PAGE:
Mark the center lines from the sole pattern just at the toes and center backs onto your shearling/rubber sole. Line up the seams on the uppers to these marks and clamp with binder clips. Start sewing with the stitching awl just like the uppers poking your awl through all the layers perpendicularly (see photo #2 below). Pull the thread tight enough to dimple the foam rubber a little bit but not so much that it tears through the foam. This is especially important if you're using anti-fatigue mats as they tear pretty easily.
At this point you're done with the basics. Congratulations!
If you only plan to wear these indoors then you can stop right here. Hurray!
I wanted to wear these outdoors so I added a layer of rugged textured rubber. (You can also use same foam rubber you used for the first sole layer)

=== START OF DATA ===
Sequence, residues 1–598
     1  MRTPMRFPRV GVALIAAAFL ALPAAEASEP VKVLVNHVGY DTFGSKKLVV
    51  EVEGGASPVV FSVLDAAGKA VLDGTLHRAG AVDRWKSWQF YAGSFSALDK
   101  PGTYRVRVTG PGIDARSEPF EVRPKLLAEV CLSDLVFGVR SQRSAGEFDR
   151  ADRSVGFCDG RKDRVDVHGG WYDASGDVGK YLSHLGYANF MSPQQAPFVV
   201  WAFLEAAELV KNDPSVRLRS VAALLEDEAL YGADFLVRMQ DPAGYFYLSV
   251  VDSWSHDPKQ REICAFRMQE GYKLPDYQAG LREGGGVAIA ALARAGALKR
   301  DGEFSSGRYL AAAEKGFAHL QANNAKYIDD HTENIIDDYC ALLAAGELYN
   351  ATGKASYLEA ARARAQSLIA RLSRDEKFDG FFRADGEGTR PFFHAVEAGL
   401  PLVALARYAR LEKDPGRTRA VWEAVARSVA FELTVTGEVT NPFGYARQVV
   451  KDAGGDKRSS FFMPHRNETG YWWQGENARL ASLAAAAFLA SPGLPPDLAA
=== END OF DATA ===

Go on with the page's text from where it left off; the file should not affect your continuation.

Simply repeat "Step 4: Glue the Soles" except spread glue across the entire sole surface instead of just the edges. Then repeat the first two parts of this step. An added benefit of this second layer is that it protects the bottom of the stitching from wear.
Step 7: Optional: Finger Loop
I custom made this pair form fitting on purpose to avoid the sloshing around slipper feel (that's why there's a paper mache foot in step 2) The recipient started jogging around as soon as he put them on because he says they feel like lightweight running shoes. Since they are snug I added a finger loop at the back seam to make them easier to put on.
Cut 2 rectangles of shearling from your scraps: 1" wide by 5" long. Trim away as much of the wool as you can. Place one end of one rectangle inside the top of the heel overlapping 1 1/2" then match up the other end on the outside, flattening the heel seem open. Binder clip and sew in place 3/8" from edges.
Step 8: Admire Your Finished Boots!
Try on your fantastic new boots. Wear the cuff up or down. Frolic in comfort and enjoy :)
Feed the leather outsides occasionally with your favorite leather care ointment to keep it supple and happy.
Second Prize in the
Sew Warm Contest